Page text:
Appleton's Cyclopedia of American Biography, edited by James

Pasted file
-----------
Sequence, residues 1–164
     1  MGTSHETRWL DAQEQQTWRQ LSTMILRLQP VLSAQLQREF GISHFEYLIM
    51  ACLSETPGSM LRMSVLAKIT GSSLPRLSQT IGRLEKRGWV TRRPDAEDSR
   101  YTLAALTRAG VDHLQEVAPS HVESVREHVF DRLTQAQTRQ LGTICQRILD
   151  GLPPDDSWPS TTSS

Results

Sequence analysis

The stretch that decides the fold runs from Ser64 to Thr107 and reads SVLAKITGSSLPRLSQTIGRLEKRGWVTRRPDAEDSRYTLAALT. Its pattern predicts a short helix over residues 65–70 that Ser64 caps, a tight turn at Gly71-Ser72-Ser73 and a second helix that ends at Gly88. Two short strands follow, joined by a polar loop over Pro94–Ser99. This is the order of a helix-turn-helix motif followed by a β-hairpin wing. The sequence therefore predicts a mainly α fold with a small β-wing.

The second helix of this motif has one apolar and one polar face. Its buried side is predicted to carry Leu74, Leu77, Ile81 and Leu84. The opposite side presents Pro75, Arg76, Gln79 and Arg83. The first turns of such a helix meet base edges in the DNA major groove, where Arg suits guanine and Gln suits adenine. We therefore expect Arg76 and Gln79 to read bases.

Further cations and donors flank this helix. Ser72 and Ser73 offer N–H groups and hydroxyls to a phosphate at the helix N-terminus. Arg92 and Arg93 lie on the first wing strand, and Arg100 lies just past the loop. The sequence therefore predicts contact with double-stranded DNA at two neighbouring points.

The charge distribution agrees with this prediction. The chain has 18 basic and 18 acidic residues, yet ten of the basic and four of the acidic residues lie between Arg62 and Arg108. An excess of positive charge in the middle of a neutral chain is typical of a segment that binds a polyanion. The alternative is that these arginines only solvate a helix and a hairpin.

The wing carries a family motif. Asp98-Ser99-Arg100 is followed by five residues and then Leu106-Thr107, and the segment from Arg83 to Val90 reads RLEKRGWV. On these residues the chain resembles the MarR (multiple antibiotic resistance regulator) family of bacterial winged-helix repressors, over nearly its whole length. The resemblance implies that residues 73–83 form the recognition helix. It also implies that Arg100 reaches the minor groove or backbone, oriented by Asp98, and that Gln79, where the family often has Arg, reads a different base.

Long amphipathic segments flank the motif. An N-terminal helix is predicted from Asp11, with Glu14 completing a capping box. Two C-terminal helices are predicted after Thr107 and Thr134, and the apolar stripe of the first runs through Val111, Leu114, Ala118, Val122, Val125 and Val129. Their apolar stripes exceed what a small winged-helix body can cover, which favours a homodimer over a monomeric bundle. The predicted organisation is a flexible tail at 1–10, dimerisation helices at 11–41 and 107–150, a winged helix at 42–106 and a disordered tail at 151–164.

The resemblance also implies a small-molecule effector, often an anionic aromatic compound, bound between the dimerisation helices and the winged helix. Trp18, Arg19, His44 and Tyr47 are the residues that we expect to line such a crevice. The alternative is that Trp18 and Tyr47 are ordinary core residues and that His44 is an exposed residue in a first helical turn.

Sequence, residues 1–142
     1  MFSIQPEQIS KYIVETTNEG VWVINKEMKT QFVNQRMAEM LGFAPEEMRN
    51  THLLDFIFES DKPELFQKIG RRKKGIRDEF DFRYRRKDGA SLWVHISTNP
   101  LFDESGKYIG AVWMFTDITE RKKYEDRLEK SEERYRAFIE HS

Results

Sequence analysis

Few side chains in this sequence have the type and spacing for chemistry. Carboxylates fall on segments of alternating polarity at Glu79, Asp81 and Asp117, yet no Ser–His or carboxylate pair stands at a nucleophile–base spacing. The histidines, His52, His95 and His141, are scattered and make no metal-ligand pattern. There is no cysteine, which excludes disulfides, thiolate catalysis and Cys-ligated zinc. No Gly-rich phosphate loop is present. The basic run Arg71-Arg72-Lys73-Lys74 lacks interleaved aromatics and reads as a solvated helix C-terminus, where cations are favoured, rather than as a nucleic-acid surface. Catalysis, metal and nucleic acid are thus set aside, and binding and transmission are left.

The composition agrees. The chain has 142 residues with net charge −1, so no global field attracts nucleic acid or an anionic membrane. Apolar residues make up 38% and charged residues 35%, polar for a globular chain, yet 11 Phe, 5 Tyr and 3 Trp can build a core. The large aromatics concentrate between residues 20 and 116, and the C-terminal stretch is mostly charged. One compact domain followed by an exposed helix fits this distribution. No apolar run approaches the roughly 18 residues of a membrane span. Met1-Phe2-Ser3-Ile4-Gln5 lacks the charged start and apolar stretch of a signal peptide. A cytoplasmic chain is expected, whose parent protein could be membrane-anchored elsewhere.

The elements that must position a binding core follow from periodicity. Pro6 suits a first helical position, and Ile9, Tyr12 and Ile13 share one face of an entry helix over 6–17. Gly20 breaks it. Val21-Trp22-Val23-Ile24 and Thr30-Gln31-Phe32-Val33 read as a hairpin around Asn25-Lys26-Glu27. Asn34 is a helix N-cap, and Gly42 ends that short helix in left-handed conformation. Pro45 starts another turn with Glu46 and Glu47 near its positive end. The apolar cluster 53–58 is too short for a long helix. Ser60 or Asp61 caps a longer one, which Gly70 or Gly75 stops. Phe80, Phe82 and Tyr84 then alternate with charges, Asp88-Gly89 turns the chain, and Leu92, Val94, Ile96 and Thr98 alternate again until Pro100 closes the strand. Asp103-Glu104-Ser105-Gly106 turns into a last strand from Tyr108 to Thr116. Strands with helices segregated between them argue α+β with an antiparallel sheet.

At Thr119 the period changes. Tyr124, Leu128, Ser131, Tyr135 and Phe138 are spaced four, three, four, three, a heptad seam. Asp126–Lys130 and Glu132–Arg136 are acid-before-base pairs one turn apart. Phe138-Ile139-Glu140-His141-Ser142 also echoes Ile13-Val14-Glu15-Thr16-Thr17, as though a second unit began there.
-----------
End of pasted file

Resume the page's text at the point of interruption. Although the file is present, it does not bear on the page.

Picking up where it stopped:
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MITCHELL, Elisha, educator, born in Washington, Connecticut, 19 August, 1793; died on Black mountain, North Carolina, 27 June, 1857. He was graduated at Yale in 1813, and after teaching on Long Island returned to Yale as a tutor. In 1817 he was called to the chair of mathematics and natural philosophy in the University of North Carolina, but first spent, some months in Andover theological seminary, and after being licensed to preach entered on his work at Chapel Hill in January, 1818. He was ordained 1)y the presbytery of Hillsborough, North Carolina, in August, 1821, and in 1825 was transferred to the professorship of chemistry, mineralogy, and geology, which he filled until his death. During many years he held the office of state surveyor, and in that capacity visited the principal mountains of that state. His observations showed that the highest mountains in the United States east of the Rocky mountains are those of North Carolina. Black Dome, or Mitchell's High peak, he found to be the highest of the group, and while endeavoring to ascertain its exact altitude he was overtaken by a storm, and falling over a precipice into a pool was drowned. His body was first taken to Asheville for burial, but in 1858, in response to the desires of the mountaineers, it was re-entombed on the highest point of the mountain, and his last resting place is shown in the accompanying illustration. A large number of citizens were present, and Bishop Otey, of Tennessee, pronounced the funeral oration, he received the degree of D. D. from the University of Alabama in 1838, and contributed various articles to the "American Journal of Science." He also published reports on the geology of North Carolina (1826-'7), and "Elements of Geology, with an Outline of the Geology of North Carolina" (1842). The Elisha Mitchell scientific society of the University of North Carolina has recently been established at Chapel Hill in his honor.
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